Whether Operation Crossroads itself made the difference these critics suggested is doubtful, given the flaws of the Baruch plan and the apparent Soviet determination to develop their own nuclear arsenal.28 Certainly the two highly publicized nuclear explosions made a poor backdrop for the resolution of international differences and for talks aimed at demilitarizing atomic energy. But some, like Anne O'Hare McCormick, could argue the opposite: that by reminding the world of the horrors of nuclear war, the tests would hasten the acceptance of controls. This was a theory the Washington Post had advanced as early as January 1946. Nevertheless, the United States and the Soviet Union were drawing farther apart, separated by ideology and by divergent interests in several areas of the world: Central Europe, the eastern Mediterranean, and the Far East. After all, perhaps the only area of agreement in both the American and Soviet U.N. proposals was the one noted by pacifist A. J. Muste, an advocate of destroying America's nuclear stockpile. Both say to the other, he wrote, "I cannot trust you and will not take any risks, but I ask you to trust me and take the risks involved."29

The nuclear issue was just one of several matters disputed by the United States and the Soviet Union. Like many other issues of the emerging cold war, it was one with which Americans were ill-prepared to deal on an intellectual level. As historian Ralph Levering has ably demonstrated, American wartime friendship for the Soviet Union did not have deep roots, and it quickly yielded to feelings of confusion and distrust. Both American leaders and the American people confronted postwar questions with uncertainty, and as the Survey Research Center concluded, thinking about the A-bomb was only imperfectly integrated into thinking about world affairs in general.30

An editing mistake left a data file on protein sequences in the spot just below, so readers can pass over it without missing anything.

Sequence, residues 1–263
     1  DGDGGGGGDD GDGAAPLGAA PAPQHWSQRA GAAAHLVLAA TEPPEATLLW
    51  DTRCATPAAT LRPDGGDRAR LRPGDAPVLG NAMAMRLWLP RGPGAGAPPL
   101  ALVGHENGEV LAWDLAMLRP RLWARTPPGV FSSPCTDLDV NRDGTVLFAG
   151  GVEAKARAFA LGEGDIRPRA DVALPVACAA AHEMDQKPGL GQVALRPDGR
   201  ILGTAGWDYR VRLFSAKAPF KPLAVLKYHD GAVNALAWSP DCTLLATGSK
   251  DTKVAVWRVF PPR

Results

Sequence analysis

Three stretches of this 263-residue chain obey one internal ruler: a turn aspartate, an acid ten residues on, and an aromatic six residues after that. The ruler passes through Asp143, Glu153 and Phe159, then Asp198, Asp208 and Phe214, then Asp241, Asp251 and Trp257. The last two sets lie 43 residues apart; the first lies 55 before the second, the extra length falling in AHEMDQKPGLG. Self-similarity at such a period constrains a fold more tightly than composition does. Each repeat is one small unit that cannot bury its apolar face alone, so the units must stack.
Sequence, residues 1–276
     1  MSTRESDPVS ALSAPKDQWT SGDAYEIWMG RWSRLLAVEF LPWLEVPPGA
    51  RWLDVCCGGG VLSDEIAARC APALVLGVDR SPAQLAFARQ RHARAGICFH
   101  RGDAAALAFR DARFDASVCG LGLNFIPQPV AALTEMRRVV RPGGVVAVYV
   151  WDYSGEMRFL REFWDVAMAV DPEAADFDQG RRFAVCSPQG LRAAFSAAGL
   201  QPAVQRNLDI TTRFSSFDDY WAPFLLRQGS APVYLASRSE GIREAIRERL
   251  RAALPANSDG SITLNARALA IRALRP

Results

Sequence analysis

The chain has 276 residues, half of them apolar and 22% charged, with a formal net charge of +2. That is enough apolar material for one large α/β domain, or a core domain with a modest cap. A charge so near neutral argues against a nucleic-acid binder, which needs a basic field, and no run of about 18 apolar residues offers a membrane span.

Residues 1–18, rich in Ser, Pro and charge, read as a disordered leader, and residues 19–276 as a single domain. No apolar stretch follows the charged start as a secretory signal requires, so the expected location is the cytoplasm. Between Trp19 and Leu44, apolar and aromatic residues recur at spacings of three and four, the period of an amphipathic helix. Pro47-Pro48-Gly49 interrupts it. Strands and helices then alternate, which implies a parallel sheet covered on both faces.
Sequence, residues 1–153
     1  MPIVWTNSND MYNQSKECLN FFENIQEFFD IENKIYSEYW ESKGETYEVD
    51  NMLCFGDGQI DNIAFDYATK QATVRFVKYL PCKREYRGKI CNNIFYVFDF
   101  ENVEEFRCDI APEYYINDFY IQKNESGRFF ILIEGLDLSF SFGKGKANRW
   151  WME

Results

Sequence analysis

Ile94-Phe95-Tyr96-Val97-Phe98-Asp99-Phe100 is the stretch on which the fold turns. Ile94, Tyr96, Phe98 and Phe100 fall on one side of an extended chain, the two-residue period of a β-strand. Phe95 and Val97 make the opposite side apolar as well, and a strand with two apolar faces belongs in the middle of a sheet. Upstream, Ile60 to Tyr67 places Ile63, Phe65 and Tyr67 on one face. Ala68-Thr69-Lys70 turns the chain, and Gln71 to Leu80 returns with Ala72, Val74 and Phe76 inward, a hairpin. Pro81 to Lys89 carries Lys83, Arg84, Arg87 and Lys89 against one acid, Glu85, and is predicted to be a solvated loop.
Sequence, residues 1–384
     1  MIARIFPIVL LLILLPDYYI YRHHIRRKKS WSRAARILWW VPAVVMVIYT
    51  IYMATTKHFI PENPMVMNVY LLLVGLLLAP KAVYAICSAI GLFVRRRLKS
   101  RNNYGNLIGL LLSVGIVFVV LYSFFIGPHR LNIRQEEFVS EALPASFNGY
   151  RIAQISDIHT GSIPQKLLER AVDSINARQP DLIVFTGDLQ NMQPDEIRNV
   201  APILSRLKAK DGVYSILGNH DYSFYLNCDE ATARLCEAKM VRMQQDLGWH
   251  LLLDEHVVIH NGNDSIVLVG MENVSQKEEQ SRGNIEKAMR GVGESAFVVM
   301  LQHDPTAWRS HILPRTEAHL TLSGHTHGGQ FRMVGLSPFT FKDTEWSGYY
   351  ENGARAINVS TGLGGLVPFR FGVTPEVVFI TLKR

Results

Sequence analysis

Americans seemed to have moved far more swiftly toward acceptance of an internationalist stand than anyone could have anticipated at the beginning of 1946, but on the subject of the atomic bomb they remained of a divided mind. At the start of the year, Colonel Robert McCormick of the Chicago Tribune argued that the solution to the nuclear question was for the United States to have more and bigger atomic bombs than anyone else. There were undoubtedly others, many less conspicuously placed than McCormick, who shared this view. Nevertheless, most Americans––even so fervent an anti-Communist as Hearst columnist George Sokolsky––were prepared to pay at least lip service to the need to control this awesome weapon. Until such controls could be established on ironclad terms, they were, however, unwilling to see it dropped from the American arsenal or to see the so-called secret shared. For regardless of its merits, the fear of unilateral disarmament that worried Ernest Lindley was bound to be of concern to others. A study by sociologists Janet Besse and Harold Lasswell of a dozen syndicated columnists reveals great uncertainty about the appropriate means of dealing with the A-bomb. The columnists, these scholars argue, were "as serious, confused, and groping as any other group of citizens."31 Operation Crossroads was undoubtedly of importance to the armed services, especially to the Navy in helping to establish that ships, properly equipped, could survive nuclear attack,32 but the Bikini Atoll tests were even more significant for the extended discussion they generated on the meaning of the atom bomb.33 While this debate did not lead to the formulation of any imaginative new plans to check the development of nuclear weapons, it did show something of the profound hopes and fears, cynicism and naiveté, with which Americans confronted the nuclear era.34